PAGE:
Biographical Database of NAWSA Suffragists, 1890-1920

Biography of Mrs. Anna Ferry Smith, 1833-1908

By: Kiana T. Riles, M.A. History, California State University, Northridge

Farmers' Alliance; Bellamy Nationalism; Populist Party; Workingmen's Party

"Sandlot" speeches in San Francisco; Committee on Corporations Looking into Laundries; California Nationalist clubs; Coxey's army: Oakland regiment; Social Democratic Party (later Socialist Party); Central Trades and Labor Union

Mrs. Anna Ferry Smith was a labor activist, socialist and suffragist who advocated for the position of working women in a sphere of growing immigrant labor and sex prejudice. Her efforts challenged the pervasive notion that white working women were temporary members of the labor force.

There is little known about her family life. Anna was born in New York in 1833 and worked a succession of jobs in domestic service, shoe factory labor, laundry, and sewing. She was a nurse for the Union Army in Pennsylvania where she married a disabled war veteran named John Quincy Adams Smith. After her husband's death, Mrs. Smith, and their child (Samuel Ferry Smith), moved to Denver where she worked as a school janitor and was partially compensated with some education. She migrated to San Francisco in 1875 and at some point, settled in San Diego.

Smith began to frequent Chinese immigration hearings in 1876 and testified as "a general working woman." Although Smith was involved in the Workingmen's Party, she showed sensitivity to the condition of Chinese workers. However, she changed her position on this issue and ultimately prioritized reform for unemployed white women and stoked anti-Chinese sentiment.

By the 1880s, Smith had emerged as a regular public speaker in San Francisco. Smith joined street protests, most notably on February 8, 1880. In one of her signature "sandlot" speeches at the new City Hall site, she condemned the looming threats of low wages, white unemployment, prostitution, and Chinese immigration growth and argued that white women should be able to earn a living. "There are sewing women in this city who can only earn $3 per week for their tedious toil. How, then," she asked "can they be expected to live comfortably and respectably on so small a sum?" Sandlot organizers became agents for unemployed women. Some employers replaced their Chinese workers through the efforts of the Smith-led Committee on Corporations Looking into Laundries.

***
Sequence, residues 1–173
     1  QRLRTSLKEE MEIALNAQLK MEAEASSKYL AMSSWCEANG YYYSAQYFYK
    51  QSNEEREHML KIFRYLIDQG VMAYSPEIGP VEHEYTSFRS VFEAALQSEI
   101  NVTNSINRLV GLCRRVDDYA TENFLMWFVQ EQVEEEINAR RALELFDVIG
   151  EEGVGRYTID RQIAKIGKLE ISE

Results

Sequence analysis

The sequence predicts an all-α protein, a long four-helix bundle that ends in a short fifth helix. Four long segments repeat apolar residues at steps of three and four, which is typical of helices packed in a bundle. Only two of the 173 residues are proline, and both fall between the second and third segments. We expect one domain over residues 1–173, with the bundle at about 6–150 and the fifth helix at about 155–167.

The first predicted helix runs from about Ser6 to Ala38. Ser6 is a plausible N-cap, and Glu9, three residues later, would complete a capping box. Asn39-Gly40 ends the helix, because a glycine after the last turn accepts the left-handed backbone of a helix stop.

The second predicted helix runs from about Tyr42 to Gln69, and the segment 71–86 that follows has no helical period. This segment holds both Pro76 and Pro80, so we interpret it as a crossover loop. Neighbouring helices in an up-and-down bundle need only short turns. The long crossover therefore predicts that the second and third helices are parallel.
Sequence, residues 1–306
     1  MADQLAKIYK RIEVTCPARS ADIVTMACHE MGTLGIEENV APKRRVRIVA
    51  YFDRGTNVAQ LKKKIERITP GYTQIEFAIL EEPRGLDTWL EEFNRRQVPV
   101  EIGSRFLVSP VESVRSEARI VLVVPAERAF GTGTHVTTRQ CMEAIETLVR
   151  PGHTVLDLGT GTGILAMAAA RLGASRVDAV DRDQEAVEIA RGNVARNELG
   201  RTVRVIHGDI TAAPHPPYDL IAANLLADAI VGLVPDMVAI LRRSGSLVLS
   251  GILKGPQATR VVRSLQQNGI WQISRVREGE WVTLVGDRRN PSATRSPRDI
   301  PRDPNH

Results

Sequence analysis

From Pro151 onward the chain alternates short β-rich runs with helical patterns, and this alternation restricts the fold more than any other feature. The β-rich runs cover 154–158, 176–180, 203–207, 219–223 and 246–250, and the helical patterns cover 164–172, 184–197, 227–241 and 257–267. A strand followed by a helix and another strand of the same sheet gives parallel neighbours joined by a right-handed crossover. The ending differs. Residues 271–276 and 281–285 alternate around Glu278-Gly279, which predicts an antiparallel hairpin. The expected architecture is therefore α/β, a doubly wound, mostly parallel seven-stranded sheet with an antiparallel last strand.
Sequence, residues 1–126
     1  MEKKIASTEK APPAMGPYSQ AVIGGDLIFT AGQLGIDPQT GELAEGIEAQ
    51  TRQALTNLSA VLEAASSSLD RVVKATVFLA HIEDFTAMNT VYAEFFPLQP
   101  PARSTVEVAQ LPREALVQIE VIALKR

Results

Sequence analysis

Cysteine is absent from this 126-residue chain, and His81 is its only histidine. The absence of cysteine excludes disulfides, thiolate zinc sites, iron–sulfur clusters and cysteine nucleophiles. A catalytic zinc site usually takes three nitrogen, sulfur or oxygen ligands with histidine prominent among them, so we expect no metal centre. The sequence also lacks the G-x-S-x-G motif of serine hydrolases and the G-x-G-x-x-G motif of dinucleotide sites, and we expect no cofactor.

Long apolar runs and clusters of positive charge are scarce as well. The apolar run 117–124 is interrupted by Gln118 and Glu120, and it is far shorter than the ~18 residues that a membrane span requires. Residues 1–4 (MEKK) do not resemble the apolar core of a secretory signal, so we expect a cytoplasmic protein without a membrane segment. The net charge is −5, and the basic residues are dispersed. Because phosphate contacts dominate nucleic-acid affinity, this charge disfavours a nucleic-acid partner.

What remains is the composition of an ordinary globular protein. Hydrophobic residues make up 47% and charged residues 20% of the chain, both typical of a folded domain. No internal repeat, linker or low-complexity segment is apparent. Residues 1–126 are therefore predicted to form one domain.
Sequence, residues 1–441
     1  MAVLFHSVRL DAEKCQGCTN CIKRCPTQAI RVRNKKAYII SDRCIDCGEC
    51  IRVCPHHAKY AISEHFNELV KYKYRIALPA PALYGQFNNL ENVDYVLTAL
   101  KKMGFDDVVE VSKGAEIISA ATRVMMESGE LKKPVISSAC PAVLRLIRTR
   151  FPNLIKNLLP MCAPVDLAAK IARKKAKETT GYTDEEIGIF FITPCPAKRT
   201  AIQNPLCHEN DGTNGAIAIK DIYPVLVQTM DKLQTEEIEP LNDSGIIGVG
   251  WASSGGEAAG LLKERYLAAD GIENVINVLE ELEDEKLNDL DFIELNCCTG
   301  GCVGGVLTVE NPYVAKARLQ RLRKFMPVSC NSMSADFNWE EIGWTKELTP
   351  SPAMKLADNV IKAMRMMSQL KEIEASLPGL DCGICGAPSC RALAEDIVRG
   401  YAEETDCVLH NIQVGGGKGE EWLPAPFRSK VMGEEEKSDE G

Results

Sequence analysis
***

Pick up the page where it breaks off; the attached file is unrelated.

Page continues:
In the early 1890s, Smith worked with Clara Foltz in the California Nationalist clubs. Inspired by Edward Bellamy's book, Looking Backward (1888), Smith, Foltz and others were attracted to the Nationalist message of labor and female equality. In 1894, she became one of the two female generals in Coxey's Army, a nationwide march protesting unemployment and the Panic of 1893. Historian Carlos Schwantes's article on Coxey's Army describes Smith's leadership. As she and her regiment sailed up the Sacramento River in the spring, General Smith declared:

I will land my men on the steps of the Capitol at Washington. I am a San Francisco woman, a woman who has been brought up on this coast, and I'm not afraid of anything, not even hunger. I have a woman's heart and a woman's sympathy, and these lead me to do what I have done for these men, even though it may not be just what a woman is expected to do.